The close correlation between repeat length, gel formation, and disease hints that RNA gels may help poison cells. In an accompanying Nature editorial, Clifford Brangwynne and David Sanders at Princeton University, New Jersey, noted that the formation of liquid droplets at certain repeat lengths “might explain why nucleotide-repeat expansions cause disease only when they reach or exceed a critical length.” However, a direct role in toxicity remains to be shown, researchers agreed. The authors saw no ill effects on cells in their week-old cultures. In addition, Rosa Rademakers and colleagues at the Mayo Clinic in Jacksonville, Florida, reported that the presence of RNA foci did not correlate with neurodegeneration in 63 postmortem brains from people with the C9ORF72 expansion (DeJesus-Hernandez et al., 2017).
If foci are toxic, how might they be treated? Because base-pairing forms RNA foci, agents that disrupt this process should be able to dissolve them, the authors reasoned. Ions with a single positive charge interfere with the pairing of negatively charged amino acids, and so the authors treated cells with ammonium acetate. Within minutes, foci vanished. Likewise, short antisense oligonucleotides lowered the number and size of these RNA clusters. The cancer drug doxorubicin, which worms its way between paired nucleic acids, also busted up foci. To see if the same approach would work in patient cells, the researchers treated fibroblasts from a person with myotonic dystrophy type 1 with doxorubicin, and saw a dramatic drop in the number and size of RNA foci (see image above).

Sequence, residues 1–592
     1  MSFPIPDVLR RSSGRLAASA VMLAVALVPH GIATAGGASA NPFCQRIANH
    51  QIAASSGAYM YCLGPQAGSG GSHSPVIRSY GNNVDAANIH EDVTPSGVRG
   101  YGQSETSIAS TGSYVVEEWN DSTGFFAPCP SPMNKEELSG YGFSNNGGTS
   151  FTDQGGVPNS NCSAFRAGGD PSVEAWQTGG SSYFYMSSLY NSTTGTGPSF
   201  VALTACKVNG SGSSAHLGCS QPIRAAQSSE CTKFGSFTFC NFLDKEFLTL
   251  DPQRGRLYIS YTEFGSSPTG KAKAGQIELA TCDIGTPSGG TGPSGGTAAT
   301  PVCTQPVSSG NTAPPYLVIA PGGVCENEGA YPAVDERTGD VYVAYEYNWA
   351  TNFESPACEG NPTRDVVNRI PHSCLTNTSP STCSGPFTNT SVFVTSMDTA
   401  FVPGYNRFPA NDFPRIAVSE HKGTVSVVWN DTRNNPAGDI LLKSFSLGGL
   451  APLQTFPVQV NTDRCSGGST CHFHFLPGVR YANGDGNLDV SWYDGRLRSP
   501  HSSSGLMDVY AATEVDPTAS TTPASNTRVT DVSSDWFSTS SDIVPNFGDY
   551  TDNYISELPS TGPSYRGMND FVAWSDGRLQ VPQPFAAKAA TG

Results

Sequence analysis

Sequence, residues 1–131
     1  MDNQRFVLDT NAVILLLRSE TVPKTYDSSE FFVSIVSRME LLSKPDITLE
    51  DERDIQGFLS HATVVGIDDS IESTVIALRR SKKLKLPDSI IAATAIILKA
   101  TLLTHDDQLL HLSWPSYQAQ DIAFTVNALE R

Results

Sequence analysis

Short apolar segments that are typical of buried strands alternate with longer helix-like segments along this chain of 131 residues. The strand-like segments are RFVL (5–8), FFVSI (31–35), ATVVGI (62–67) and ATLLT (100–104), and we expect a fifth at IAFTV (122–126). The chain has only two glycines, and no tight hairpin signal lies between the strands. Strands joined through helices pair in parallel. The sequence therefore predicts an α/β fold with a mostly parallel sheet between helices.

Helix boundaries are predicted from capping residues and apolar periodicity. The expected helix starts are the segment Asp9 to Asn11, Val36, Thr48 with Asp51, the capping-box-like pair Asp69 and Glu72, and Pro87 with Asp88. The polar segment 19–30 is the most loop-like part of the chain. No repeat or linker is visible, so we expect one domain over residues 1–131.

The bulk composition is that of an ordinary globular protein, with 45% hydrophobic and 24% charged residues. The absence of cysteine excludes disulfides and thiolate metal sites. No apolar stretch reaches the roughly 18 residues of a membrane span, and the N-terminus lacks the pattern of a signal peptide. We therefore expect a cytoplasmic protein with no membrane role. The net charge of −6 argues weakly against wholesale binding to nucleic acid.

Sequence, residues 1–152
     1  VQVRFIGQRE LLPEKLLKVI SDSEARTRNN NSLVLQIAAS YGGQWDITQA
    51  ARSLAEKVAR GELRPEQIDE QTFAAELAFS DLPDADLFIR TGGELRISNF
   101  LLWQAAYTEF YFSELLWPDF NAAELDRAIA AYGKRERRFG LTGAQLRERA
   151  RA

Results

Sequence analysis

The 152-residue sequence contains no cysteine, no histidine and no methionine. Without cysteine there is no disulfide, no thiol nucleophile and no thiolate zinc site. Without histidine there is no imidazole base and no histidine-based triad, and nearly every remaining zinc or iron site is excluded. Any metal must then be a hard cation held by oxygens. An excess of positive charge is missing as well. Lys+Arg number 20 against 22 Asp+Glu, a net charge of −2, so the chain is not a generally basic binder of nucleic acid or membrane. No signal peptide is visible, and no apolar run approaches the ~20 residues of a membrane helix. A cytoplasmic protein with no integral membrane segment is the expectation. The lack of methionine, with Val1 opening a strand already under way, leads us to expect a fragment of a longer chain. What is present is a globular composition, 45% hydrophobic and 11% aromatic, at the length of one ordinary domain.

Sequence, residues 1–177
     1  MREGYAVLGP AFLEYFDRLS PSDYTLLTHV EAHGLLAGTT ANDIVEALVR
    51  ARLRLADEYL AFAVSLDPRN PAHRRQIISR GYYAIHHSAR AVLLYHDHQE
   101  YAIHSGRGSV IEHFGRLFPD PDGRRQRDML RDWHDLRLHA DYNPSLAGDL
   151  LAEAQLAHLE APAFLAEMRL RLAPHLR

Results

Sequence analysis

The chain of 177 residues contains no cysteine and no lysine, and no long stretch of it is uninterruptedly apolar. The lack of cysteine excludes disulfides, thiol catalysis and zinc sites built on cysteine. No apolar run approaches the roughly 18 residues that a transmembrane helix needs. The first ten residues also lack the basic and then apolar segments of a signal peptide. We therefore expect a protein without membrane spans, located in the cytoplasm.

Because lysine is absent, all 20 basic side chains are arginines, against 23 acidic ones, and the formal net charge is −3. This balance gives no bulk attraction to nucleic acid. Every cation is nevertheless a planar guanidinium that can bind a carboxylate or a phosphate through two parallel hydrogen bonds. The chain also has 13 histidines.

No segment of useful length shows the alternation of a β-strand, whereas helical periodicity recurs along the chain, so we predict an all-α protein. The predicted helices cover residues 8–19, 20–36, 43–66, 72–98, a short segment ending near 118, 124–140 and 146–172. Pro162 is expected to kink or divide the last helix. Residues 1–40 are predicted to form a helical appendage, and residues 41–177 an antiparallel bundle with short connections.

While Vale believes this represents a proof of concept, he noted that doxorubicin also disrupts DNA and is too toxic for therapeutic use in neurodegenerative disease. In ongoing work, he is searching for agents that specifically target only RNA aggregates. Such compounds could be tested in mouse models to see if they reverse disease symptoms, he said. He also wants to examine the cellular effects of RNA foci more closely using inducible expanded-repeat transgenes.
Another unanswered question is how many RNA molecules make up a focus. A previous study reported finding only one RNA occupying each C9ORF72 focus (Feb 2017 news). However, Jain and Vale’s work suggests that multiple RNA transcripts bind to form droplets. Vale noted that they observed multiple RNAs per focus in the fibroblasts from the myotonic dystrophy patient, who carried a CTG expansion.—Madolyn Bowman Rogers